Citizenship not automatic for Hardeman

Joaquin M. Henson - The Philippine Star

MANILA, Philippines - SBP legal counsel Aga Francisco said the other day former NCAA Division II All-American Kelly Hardeman, who was born and raised in the Philippines, will require approval by the courts or Congress to be issued a Filipino passport for eligibility to play for the Perlas national team as a naturalized citizen.

Francisco, who is also a member of the FIBA legal commission, explained that under the principle of jus sanguinis, Hardeman isn’t qualified to become a Filipino citizen by virtue of birth because she is a full-blooded American. Jus soli is the principle where citizenship is acquired in the place of birth while jus sanguinis is determined by blood lineage through parents or ancestors. Jus soli is the more common means to acquire citizenship in other countries but in the Philippines, jus sanguinis is recognized by law.

“To be eligible to play for the Philippines, Kelly has to be a naturalized citizen and that means going through the courts or Congress,” said Francisco. “If you go the way of the courts, it’s a long process that could take about two years. In Congress, it could be fast-tracked if there is urgency in approving the naturalization at the House of Representatives and the Senate. That would depend on the proponents. In Andray Blatche’s case, his naturalization was processed through Congress over three months.”

Perlas head coach Pat Aquino said he hopes to suit up Hardeman for the Southeast Asian (SEA) Games in Kuala Lumpur on Aug. 19-31. So time is of the essence to initiate Hardeman’s naturalization proceedings. “We need to move fast,” said Perlas team manager Dioceldo Sy. “Kelly is expected in Manila on May 23. We will consult with the SBP on the steps to take to complete the process.”

Francisco said once Hardeman is issued a Filipino passport, FIBA clearance will be automatic. “First of all, if Hardeman is given a Filipino passport, she will be the Philippines’ only naturalized player as FIBA allows only one per national team,” he said. “It’s also a FIBA requirement that a naturalized citizen may play for only one country in his or her basketball career. Blatche, for instance, is allowed to play only for the Philippines as a national player in FIBA competitions and no other country.”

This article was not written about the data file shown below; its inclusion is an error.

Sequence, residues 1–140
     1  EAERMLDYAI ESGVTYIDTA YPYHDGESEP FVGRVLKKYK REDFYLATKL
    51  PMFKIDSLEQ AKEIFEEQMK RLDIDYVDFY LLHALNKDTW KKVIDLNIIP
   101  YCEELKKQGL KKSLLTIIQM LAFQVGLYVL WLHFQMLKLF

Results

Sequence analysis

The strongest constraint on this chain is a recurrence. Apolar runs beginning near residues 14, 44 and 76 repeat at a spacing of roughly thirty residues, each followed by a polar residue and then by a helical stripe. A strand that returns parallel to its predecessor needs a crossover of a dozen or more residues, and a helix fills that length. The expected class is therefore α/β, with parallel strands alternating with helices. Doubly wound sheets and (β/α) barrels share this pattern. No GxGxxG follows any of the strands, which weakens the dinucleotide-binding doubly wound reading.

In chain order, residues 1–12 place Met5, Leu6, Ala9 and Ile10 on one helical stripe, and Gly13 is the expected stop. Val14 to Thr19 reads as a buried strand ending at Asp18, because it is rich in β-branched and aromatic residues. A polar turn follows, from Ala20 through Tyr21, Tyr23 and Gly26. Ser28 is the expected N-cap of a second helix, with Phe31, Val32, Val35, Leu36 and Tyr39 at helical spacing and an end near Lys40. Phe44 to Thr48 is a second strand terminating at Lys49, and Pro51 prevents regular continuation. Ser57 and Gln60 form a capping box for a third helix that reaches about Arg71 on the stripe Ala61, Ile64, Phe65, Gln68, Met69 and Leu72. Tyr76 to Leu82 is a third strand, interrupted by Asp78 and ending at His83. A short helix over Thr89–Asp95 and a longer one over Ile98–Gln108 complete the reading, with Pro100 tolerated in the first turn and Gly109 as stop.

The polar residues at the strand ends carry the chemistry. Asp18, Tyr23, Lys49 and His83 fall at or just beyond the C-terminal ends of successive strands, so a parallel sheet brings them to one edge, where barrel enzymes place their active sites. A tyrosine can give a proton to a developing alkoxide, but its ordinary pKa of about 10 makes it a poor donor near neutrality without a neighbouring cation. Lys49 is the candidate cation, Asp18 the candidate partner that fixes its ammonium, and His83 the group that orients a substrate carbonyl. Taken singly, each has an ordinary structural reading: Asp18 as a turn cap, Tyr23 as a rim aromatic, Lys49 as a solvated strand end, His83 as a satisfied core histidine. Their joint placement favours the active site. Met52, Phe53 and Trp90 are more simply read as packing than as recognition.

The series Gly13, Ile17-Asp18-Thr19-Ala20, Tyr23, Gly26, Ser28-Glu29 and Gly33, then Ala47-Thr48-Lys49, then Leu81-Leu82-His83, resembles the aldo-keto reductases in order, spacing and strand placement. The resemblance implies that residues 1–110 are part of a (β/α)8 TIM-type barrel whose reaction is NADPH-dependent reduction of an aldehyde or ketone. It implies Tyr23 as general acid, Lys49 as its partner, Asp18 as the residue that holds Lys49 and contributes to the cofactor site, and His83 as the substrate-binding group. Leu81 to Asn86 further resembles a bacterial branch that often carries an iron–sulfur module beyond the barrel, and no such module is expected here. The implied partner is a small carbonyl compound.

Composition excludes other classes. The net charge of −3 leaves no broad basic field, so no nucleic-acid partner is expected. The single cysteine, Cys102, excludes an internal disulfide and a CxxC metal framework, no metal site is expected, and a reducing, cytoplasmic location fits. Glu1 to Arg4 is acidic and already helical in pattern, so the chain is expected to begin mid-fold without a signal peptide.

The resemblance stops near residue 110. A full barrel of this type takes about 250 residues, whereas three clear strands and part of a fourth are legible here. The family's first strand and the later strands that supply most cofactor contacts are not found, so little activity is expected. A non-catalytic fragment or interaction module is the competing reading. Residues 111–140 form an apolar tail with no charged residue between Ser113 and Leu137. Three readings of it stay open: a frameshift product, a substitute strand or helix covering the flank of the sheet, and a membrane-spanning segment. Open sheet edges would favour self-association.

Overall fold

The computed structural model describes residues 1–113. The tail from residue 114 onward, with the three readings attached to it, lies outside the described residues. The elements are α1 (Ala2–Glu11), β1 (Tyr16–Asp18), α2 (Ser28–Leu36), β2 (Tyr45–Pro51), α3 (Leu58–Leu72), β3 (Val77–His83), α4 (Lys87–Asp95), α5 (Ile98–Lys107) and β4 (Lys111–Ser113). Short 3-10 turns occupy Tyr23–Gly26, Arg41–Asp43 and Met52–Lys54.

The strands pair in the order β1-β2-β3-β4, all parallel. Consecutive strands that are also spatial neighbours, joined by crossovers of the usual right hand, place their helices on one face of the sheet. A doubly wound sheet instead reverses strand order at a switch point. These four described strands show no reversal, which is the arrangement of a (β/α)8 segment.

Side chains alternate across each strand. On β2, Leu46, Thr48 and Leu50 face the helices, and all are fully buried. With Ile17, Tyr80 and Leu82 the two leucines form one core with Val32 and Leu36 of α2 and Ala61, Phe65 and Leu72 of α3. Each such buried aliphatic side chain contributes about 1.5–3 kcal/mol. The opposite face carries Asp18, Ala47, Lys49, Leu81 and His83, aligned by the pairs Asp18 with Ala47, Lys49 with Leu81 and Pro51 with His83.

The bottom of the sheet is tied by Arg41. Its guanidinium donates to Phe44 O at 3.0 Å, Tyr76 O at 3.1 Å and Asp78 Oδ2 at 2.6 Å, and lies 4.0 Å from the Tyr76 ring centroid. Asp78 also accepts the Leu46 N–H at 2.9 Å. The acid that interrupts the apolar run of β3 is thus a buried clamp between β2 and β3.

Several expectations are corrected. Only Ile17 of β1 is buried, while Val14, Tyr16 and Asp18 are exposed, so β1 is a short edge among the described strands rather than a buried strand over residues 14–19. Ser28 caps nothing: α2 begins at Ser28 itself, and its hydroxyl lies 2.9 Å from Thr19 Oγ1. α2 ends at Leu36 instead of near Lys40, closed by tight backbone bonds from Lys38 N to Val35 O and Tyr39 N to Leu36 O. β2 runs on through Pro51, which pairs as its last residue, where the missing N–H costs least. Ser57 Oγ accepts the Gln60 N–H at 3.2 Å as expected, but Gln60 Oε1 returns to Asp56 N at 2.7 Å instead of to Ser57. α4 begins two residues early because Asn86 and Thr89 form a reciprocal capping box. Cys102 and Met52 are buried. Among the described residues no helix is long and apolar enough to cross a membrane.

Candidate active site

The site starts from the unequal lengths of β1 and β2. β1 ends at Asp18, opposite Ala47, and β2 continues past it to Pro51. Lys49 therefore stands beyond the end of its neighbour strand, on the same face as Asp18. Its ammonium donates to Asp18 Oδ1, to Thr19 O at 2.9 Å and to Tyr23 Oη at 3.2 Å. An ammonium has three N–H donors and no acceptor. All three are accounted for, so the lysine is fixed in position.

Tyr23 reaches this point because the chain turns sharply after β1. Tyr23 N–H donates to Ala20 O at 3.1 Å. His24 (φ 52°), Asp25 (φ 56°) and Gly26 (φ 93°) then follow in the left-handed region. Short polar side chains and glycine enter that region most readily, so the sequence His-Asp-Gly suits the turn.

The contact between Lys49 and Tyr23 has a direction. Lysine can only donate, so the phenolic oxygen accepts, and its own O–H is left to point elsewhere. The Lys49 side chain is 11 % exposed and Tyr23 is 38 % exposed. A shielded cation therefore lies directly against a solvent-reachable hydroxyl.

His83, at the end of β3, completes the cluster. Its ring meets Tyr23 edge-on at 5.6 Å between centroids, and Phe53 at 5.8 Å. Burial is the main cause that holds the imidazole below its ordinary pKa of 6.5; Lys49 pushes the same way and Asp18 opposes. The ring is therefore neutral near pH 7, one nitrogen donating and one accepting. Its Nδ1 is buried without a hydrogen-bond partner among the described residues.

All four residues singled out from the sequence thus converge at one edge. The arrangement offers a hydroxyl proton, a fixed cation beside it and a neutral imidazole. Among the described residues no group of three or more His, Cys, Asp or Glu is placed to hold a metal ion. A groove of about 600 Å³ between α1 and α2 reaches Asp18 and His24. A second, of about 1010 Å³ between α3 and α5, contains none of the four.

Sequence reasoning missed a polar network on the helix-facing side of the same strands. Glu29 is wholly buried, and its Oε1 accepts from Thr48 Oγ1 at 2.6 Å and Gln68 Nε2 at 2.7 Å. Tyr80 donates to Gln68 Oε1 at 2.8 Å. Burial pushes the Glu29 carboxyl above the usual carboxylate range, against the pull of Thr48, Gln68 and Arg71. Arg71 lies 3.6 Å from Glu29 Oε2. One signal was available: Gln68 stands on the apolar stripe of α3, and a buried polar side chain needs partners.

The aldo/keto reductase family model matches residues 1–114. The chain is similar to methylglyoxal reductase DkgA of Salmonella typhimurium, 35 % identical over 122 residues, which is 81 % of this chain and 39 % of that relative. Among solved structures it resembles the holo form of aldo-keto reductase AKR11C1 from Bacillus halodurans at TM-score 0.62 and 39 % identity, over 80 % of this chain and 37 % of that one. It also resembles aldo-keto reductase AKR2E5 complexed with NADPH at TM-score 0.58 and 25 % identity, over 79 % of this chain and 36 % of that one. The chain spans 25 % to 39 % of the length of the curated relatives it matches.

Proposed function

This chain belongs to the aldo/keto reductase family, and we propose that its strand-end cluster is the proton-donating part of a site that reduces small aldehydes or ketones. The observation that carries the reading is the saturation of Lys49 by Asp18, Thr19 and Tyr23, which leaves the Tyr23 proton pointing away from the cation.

Hardeman, 23, was born at St. Luke’s Hospital in Quezon City and has lived in the Philippines for 18 years until she enrolled at Asuza Pacific, a private Christian school near Los Angeles. She played four years at Asuza Pacific then saw action for BK Ameger in the Danish league.

“I was approached to play for the Philippines by Mr. Sy,” said Hardeman. “I am honored with the opportunity to play for the Philippines and I hope my teammates and I can make awesome memories playing the sport that we love. I’m a team player and look forward to the opportunity to play with my new teammates.”

Hardeman described herself as a two-way player. “I’m most similar to Kawhi Leonard of the San Antonio Spurs,” she said. “I take pride in my defense and let it fuel my offense. My biggest strength on offense is my shot. In the game, I don’t hesitate to sacrifice my body for the ball. I want to be the hardest worker on the floor and I hope I can lead with my work ethic and fit into the role that the team needs me to fill.”

“My dream is to qualify our women’s team for the 2020 Tokyo Olympics,” said Sy. “It’s a tough job but Kelly’s presence will boost our chances.” The Philippines has never qualified to play in women’s basketball since it was introduced in the Olympics in 1976. The US has won eight gold medals, including the last six. South Korea took the silver in 1984 and China also finished second in 1992. At the 2020 Olympics, the champions of the World Cup, Africa, Americas, Asia, Europe and Oceania are allotted a slot each. Host Japan has an automatic ticket. The remaining slots will be given to the top five finishers of a qualifying tournament.  

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